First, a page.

Citi has ruled out its plan for a cryptocurrency backed by a bank similar to a JPM currency
In light of the impact that JPMorgan recently made with its cryptocurrency plan backed by abank, it is worth remembering that another large institution tested a token to connect global payments for the first time in 2015.
Named”Citicoin”, the bank never formally announced the project outside Citigroup’s innovation lab in Dublin, not even as proof of concept. The idea was to rationalize the global payment processes. As such, there are obvious parallels with the much acclaimed JPM Coin.
However, after evaluating the experiment (not to mention the contempt of the bitcoin community at the time), Citi concluded that while technology has the potential to deliveron its promises, there were other, more effective and efficient ways to make improvements in the Payments.
That’s in line with Citi’s current head of innovation lab, Gulru Atak, global head of innovation for treasury and trade solutions (TTS). Regarding the cryptography experiments of her predecessors, she reported the following:
“Based on the lessons learned from that experiment, we actually decided to make significant improvements to the existing rails by leveraging the payment ecosystem and within that ecosystem, we are also considering fintechs or regulators around the world, including SWIFT.”
Taking a measuredstep back, Atak said that when it comes to improving cross-border payments, the bank is looking for effective methods but with a shorter-term impact. “Weare trying to make those changes today, instead of just putting all our efforts into the technology of the future”. That is all in due time.
After all, to completely change a cross-border payment network with blockchain-enabled technology, one would have to address all the banks in the world, Atak said, adding:
“If we are talking about cross border payments, how many banks do we have around the world and how many of them are already incorporated in SWIFT? And how long has it taken SWIFT to incorporate all those banks?
As such, Citi’s blockchain strategy in recent years has been to find ways to integrate legacy systems, Atak said, citing the bank’s 2017 partnership with Nasdaq, CitiConnect, designed to stream line payments around private securities. That project, he said, also has parallels with JPM Coin.
“CitiConnect did not issue stablecoins, but the infrastructure that was used was similar to the issuance of currencies on a blockchain platform”, Atak said. “But itwas only to integrate into a blockchain-enabled system at the end of our client and have it connect to our legacy payment processes in real time”.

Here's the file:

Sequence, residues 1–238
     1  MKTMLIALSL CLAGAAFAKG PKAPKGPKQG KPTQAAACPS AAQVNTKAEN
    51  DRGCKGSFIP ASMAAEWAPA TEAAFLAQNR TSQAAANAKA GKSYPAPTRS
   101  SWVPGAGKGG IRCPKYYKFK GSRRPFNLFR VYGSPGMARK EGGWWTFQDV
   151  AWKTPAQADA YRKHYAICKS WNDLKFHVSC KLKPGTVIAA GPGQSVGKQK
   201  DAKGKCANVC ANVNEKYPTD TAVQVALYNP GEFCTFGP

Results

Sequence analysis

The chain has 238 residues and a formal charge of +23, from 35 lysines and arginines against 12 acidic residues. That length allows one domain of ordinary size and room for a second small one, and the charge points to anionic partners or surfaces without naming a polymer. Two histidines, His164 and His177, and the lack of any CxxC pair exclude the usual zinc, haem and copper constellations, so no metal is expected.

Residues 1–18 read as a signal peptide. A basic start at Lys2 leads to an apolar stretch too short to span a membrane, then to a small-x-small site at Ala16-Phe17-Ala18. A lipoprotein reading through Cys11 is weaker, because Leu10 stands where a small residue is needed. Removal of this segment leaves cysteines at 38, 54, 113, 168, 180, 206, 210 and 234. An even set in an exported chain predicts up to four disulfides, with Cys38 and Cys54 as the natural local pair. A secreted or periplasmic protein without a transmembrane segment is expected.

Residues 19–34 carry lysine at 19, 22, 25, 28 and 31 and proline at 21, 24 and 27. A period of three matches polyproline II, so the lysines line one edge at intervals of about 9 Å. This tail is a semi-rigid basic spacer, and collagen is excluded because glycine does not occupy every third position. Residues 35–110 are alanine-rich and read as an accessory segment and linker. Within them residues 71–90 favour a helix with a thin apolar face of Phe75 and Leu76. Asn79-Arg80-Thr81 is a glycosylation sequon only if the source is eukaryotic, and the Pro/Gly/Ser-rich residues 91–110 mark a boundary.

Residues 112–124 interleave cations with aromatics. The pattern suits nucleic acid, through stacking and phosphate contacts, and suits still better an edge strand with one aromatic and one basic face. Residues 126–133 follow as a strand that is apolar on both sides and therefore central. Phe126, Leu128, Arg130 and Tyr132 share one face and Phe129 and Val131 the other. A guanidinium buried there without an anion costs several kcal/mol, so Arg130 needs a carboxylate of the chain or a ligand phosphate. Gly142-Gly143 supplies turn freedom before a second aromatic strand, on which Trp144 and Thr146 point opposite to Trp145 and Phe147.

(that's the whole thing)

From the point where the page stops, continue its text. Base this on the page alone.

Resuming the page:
From financing trade to FX
While Atak was pleased to reflect on previous blockchain initiatives, he also pointed out that Citi certainly continues to explore blockchain, especially in areas such as commercial financing.
This niche is a more realistic use case, he said, because building an ecosystem for commercial financing does not require as many banks as a full-fledged cross-border payment system. “Currently, our focus is more on commercial space and commercial finance and commercial letters of credit. We are experimenting with this technology, but we are probably a bit reserved when it comes to making bold public announcements”.
The rival global bank HSBC is not shy enough to hit its chest. In January, HSBC announced that it had settled $ 250 billion of foreign exchange (FX) transactions using a blockchain during the past year.
With respect to FX, Opeyemi Olomo, leader of blockchain of the Laboratory of Innovation of Citi, said that there are clear points of pain in that market, which has problems around the credit transparency. As with global payments, the question of whether to apply blockchain is reduced to the construction of an ecosystem and how expensive that process would be in relation to the benefit.
Olomo agreed that there is an opportunity.
He said: “Thereis a niche ecosystem and if you look at the liquidity providers in the FX space, the most important liquidity providers are not that many. “So that’s an ecosystem where you can may be think and have like five or sixtogether and you can start to make a difference”.
In general terms, Atak said that many industries are pushing to move existing instruments to ablockchain-enabled platform without necessarily thinking why that instrument exists from the beginning.
Instead, a detailed examination of the very nature of financial instruments may be required, he said. “For example, how did a human being come up with a banking instrument called a letter of credit? What were the problems that led to its creation?
This philosophical approach will guide Citi’s thinking, Atak added, concluding:
“We are also challenging ourselves: are we looking for this technology at its best potential or are we just trying to get rid of the current friction and operational inefficiency in the system?
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